What Are Universities For?

Stefan Collini, professor of Intellectual History and English Literature at Cambridge offers some considerations in his 2012 book of the same title. His erudite, yet conversational style made for a quick and enjoyable, yet thought provoking read. The last third of the book are previously written essays in response to major reports emanating from efforts …

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Wise Souls

I have been privileged to meet many fine folks over my 65 years. Fame doesn’t necessarily wear well on all who achieve some level of it. Which is why many of those I put in this category of fine folks would include the not so famous who are close friends. But while I was sustainability …

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Dangerous Love

The newest (October 2014) issue of The Sun arrived late last week in my mailbox (October issue is not available online as of the time I write this. As of this morning I’ve read most all of it. Since resubscribing after many years of absence I have found it to be ‘soul building’ food. The …

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The Politics of Peace

Satish Kumar’s title – Soil, Soul, Society – could hardly be more sparse; yet it represents, he says, a “distillation” of his own lifetime’s thinking and that of his heroes – and the three small words are all we really need to put the world to rights. For our aim should be – should it …

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Higher Education and Rising Inequality

In an intriguing article last month on Huffington Post, Harry Boyte, director of the Center for Democracy and Citizenship at Augsburg College and a Senior Fellow at the University of Minnesota’s Humphrey School of Public Affairs,   talks about how the norms of higher education have shifted. In noting a recent report Unseen Disadvantage, Boyte …

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Another Arrow Hits the Bullseye

As is my destiny I suppose, I stumbled into another book (ok, four books last week, and another three yesterday) that I am now two-thirds through. Pete Lunn, a neurocientist, BBC journalist, turned economist wrote Basic Instincts: Human Nature and the New Economics, which is as one reviewer notes: “A trained neuroscientist, Lunn came to …

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Candidates, Elections and Citizens

As we approach the fall elections to many positions in our communities and state there arises a little more interest in politics, even as most of us decry the increasing partisanship. My thoughts wander a lot these days as I am simultaneously a candidate, a supporter of other candidates, and a citizen concerned with the …

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Gaza, Ukraine and Possibility

distressed by the recent violence in Gaza, we tried to offer something to address the killing, injury, destruction, and chaos that has been going on between Hamas and the Israeli military in recent weeks. We drafted a statement on the siege of Gaza which we put on our website, sent out to local media and …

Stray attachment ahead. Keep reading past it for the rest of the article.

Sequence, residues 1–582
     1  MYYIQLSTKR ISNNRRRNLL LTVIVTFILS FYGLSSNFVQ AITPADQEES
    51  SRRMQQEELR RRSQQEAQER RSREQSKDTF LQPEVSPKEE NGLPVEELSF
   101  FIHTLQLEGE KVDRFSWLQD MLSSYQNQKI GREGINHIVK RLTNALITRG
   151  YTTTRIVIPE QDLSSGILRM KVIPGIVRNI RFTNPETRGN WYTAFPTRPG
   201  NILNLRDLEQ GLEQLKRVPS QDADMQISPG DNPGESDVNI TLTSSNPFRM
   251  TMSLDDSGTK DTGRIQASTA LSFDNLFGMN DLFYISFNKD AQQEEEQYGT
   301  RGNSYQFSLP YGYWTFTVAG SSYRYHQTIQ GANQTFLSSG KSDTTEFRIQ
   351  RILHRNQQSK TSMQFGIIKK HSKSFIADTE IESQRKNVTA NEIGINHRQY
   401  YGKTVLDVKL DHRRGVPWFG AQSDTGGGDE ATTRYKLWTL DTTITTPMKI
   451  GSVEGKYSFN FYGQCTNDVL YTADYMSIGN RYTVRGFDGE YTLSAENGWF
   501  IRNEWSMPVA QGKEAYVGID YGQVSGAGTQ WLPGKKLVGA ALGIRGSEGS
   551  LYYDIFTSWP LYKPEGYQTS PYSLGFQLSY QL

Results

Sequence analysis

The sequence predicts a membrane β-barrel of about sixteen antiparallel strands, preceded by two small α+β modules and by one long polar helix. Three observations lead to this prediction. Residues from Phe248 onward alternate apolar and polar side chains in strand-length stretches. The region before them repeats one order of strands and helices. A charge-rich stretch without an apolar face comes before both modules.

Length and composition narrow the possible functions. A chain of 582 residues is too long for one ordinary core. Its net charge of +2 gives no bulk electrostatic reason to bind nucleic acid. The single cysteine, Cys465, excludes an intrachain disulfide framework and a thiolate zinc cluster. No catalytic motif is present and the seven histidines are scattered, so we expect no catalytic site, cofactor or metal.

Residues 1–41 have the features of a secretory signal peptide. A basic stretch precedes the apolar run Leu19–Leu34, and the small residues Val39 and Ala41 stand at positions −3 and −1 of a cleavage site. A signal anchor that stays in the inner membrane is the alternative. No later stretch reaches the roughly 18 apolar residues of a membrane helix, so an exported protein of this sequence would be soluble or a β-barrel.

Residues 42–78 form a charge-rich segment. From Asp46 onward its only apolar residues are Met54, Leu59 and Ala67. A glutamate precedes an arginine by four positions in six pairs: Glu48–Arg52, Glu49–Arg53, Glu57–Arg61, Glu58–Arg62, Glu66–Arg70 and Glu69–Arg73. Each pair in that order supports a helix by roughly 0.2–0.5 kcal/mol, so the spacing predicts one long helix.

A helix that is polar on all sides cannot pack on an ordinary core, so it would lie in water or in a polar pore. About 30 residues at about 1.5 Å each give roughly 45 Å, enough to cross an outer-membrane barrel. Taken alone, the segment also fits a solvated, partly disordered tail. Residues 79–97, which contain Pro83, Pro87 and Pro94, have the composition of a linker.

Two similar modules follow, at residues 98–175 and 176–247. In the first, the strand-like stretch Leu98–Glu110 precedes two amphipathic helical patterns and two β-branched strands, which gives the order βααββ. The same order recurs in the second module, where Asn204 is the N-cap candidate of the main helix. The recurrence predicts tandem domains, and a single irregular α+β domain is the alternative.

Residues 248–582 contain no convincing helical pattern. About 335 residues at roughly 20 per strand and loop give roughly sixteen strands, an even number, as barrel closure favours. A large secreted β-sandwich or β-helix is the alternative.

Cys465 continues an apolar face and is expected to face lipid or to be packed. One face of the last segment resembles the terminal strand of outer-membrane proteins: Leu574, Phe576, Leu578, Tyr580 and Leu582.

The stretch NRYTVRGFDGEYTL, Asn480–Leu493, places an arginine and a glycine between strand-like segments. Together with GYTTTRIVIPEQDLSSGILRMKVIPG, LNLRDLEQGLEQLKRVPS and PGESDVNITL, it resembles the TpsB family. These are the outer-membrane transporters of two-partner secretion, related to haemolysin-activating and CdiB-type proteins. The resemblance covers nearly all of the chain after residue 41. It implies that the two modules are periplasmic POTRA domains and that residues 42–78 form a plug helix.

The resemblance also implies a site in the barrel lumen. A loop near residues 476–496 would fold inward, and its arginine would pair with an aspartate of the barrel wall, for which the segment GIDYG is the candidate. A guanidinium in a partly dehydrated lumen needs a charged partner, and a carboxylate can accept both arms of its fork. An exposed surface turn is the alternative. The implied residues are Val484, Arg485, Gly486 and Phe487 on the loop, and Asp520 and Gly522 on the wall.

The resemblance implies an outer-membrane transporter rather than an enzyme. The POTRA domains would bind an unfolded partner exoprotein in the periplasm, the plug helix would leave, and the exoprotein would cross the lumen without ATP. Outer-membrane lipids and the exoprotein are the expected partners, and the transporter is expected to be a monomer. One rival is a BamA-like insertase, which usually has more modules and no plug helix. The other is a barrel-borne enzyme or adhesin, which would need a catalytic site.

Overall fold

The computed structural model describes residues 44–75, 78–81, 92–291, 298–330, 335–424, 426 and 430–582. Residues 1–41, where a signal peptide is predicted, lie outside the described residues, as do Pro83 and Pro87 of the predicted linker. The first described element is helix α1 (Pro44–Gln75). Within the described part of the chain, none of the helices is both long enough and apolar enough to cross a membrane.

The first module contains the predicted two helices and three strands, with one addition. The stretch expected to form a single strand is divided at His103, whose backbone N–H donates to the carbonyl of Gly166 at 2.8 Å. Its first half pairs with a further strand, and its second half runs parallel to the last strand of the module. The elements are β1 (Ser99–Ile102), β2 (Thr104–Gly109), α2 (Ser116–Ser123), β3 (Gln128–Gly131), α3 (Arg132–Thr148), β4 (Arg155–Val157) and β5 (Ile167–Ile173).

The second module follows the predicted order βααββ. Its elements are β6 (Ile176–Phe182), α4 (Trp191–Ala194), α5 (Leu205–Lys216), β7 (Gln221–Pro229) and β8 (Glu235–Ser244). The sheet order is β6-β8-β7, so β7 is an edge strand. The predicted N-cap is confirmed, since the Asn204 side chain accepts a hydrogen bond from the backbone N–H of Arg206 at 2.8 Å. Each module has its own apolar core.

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Citizenship Goes Global

My day was split between talking to a social forum at a local church this morning about sustainability, climate change and divestment; an afternoon around other candidates for office in Michigan from the Green Party; and this evening after dinner I’ve been catching up on some websites that I used to frequent. One is PelicanWeb …

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Higher Ed Behind Close Doors

The Detroit Free Press has sued the University of Michigan over the closed meetings it holds regularly. Our local paper’s coverage of that story indicated that MSU is similarly culpable of this violation, claiming “Michigan State University’s Board of Trustees also regularly meets in what amounts to private sessions.” For democracy to fulfill it’s ideal, …

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On the Cheap

Michael Carolan’s Cheaponomics: The High Cost of Low Prices shines some desperately needed sunlight on the current neoliberal hegemony over our economic system. Carolan, who writes with aplomb supported by a lengthy recitation of research unmasks the hidden costs of 21st century capitalism. . Carolan unmasks what he frequently refers to as socialism of the …

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Financing the Green Economy

I must have missed the NPR and local press coverage of the inaugural UN Environment Assembly held last week in Nairobi, Kenya. The five day conference of more than 1,000 attendees representing 163 member states including 113 ministers was blacked out so that we could focus more on the World Cup, baseball, and other more …

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Power of Imagination

The trip to the MSU Libraries new book shelf earlier this week brought me in contact with five titles that escorted me home. I picked up a new book from Mary Midgley, a 94 year old British moral philosopher, Are You an Illusion? “Midgley argues powerfully and persuasively that the rich variety of our imaginative life cannot …

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Our Fixation on Measurement

To measure the unmeasurable is absurd and constitutes but an elaborate method of moving   from preconceived notions to foregone conclusions. The logical absurdity, however, is not the greatest fault of the undertaking: what is worse, and destructive of civilization, is the pretence that everything has a price or, in other words, that money is the …

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Politics and Climate Change

Scientific evidence that climate change is real and raising havoc with our collective lives has been steadily mounting. This is all the more clear given recent reports emanating from many quarters, including the International Panel on Climate Change,   the National Climate Assessment, and   the Potsdam Institute for Climate Impact Research, on the impending …

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Turning Concepts into Policy

I’ve pontificated before about the growing income and wealth inequality. At times I have offered approaches to address it including the raising the minimum wage, establishing and enforcing a living wage and establishing a maximum wage ratio. The latter have primarily been adopted by companies or organizations Ben and Jerry’s in it’s heyday when Ben …

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Power and a Response to It